PRESIDENT'S REMARKS: MELISSA HOLUB, PH.D.
In order to discover new meaning, we analytic practitioners regularly remind our patients that we don't simply assume to understand them. We try to unhurriedly dismantle that which has been stripped of meaning by overuse. Patients talk of being "crazy," of "codependency," of having "trust issues." Sometimes, it's a look or a hand gesture that suggests, "You know what I mean." We convey to our patients that, actually, while we care very much about what they are telling us, we may not know what they mean. In fact, they may not be aware, just yet, what they mean themselves.
In this vein, I have been wondering what we mean when we say, for the umpteenth time, "I have a practice in Berkeley," or ask, "Where do you practice?" Why this word practice? What does it mean? What does it imply about our work and what we do within the space we call a practice? Evidently, we mean the activity that makes up our professional pursuits. The term, practice, is most commonly used in the medical community, and that is its likely origin for our current usage. Is it a medical model that we mean to imply when we speak of our practices?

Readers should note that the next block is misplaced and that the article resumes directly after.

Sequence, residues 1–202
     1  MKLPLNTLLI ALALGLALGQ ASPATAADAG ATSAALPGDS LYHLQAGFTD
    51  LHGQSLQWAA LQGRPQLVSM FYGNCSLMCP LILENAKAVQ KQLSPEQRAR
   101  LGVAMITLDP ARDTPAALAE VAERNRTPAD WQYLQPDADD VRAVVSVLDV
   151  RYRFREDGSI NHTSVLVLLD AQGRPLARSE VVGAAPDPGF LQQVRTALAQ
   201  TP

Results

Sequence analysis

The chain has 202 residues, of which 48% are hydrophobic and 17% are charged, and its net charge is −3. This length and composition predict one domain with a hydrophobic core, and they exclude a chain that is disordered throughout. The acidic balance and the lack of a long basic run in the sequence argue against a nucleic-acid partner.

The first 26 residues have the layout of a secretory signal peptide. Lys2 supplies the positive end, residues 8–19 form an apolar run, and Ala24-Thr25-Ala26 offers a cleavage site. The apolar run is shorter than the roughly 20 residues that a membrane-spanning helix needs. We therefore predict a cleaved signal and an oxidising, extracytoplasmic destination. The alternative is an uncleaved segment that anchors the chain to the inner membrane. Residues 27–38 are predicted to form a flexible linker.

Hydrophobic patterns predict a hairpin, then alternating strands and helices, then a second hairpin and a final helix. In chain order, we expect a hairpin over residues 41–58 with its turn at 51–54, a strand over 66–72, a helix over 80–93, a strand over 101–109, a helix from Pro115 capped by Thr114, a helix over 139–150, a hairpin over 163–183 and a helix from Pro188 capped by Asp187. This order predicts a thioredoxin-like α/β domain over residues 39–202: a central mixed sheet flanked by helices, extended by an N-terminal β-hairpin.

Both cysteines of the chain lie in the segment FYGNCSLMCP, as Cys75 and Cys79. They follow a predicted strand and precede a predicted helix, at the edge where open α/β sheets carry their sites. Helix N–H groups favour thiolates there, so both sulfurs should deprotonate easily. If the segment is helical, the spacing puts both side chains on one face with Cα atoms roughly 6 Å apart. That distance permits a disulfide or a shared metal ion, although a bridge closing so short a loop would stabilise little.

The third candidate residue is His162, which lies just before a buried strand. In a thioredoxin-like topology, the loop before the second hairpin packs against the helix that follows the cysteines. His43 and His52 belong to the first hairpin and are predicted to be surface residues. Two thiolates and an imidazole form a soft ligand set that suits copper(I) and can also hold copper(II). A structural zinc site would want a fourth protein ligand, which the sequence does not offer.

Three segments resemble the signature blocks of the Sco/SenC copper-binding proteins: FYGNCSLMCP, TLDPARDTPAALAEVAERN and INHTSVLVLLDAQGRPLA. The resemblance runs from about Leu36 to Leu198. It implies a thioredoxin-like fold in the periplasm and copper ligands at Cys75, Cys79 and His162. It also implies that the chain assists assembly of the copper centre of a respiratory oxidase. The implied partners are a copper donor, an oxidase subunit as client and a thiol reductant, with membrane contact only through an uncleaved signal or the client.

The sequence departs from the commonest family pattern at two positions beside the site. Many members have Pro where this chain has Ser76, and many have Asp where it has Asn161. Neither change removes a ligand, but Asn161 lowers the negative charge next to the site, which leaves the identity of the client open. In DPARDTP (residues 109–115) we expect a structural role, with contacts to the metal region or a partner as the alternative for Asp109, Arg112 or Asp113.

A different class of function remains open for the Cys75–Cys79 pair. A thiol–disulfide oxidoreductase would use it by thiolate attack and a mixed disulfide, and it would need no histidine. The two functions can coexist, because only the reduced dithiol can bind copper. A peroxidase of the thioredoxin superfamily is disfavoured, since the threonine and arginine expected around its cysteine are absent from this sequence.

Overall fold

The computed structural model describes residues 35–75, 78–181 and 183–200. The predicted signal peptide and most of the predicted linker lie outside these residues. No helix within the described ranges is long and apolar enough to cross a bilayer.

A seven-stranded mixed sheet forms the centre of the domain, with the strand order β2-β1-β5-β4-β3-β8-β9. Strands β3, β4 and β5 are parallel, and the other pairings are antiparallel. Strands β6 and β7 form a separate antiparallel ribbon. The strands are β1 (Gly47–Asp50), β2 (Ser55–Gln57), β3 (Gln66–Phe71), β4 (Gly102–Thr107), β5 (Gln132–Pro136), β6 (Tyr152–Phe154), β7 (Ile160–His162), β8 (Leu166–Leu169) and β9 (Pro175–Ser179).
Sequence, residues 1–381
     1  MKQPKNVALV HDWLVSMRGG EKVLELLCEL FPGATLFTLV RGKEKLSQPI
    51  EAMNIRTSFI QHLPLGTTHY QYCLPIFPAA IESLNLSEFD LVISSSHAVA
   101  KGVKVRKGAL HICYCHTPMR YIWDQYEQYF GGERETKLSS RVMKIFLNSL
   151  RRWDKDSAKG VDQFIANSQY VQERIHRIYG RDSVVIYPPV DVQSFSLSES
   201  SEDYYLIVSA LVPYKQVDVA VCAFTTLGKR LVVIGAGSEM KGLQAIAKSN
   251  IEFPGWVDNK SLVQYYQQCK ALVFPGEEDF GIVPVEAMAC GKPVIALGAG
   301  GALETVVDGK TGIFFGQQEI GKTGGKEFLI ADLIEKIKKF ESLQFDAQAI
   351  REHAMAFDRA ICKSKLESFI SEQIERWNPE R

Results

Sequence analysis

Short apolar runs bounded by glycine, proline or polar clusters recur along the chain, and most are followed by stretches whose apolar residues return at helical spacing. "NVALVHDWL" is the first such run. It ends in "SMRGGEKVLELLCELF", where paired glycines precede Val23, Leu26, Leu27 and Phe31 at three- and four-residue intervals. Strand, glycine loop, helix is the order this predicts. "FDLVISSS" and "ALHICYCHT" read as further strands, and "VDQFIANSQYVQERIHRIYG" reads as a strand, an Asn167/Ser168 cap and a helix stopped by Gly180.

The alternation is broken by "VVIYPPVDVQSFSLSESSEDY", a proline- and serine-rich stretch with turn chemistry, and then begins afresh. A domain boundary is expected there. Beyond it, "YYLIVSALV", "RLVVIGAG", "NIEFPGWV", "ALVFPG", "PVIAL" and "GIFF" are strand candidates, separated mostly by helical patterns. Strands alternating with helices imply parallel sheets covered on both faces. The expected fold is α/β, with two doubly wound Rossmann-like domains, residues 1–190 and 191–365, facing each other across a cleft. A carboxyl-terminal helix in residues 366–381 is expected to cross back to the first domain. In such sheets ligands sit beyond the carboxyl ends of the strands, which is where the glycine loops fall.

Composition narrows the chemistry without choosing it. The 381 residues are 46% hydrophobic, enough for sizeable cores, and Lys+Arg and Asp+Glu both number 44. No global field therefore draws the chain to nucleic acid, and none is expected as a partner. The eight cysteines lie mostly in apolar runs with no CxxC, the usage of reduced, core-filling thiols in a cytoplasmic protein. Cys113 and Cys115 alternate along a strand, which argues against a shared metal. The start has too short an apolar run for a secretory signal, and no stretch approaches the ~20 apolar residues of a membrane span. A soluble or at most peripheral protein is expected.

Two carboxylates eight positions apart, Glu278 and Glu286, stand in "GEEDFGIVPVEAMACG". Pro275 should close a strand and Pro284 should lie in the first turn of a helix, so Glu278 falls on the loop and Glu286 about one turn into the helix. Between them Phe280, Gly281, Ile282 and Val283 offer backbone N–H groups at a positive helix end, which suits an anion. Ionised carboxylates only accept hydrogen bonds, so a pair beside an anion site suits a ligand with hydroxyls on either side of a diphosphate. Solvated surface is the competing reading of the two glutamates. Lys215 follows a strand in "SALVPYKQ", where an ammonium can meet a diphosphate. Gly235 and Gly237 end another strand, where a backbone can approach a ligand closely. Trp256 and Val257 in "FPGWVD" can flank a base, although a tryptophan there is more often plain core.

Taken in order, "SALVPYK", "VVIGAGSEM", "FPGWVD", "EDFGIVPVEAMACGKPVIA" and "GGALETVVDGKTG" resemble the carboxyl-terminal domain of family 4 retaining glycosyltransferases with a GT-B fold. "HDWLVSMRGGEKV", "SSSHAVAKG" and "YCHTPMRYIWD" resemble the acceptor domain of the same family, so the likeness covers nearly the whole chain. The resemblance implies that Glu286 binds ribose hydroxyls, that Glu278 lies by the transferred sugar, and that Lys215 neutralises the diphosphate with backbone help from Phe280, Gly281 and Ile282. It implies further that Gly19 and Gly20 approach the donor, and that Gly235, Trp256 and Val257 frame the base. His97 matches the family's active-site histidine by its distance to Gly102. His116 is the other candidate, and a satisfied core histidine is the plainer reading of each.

Perhaps, we mean that our work needs a certain depth, whereby we hope to be highly practiced in our craft. Are we, then, referencing to aspects of our work that are relevant to a deep, inner practice, such that we might be saying that our practices, private as they may be, are akin to something like a spiritual practice?
Trainees and early career clinicians are literally practicing -- trying out -- the craft with their patients. So are any of us, when we try something new -- a new technique, theoretical angle, or the use of ourselves -- in a way that feels fresher, less accomplished, less practiced. It might be fair to say that, in our practice, we are practicing on our patients, and deeply with our patients, as they practice doing something old and something new with us.
Melissa Holub, Ph.D.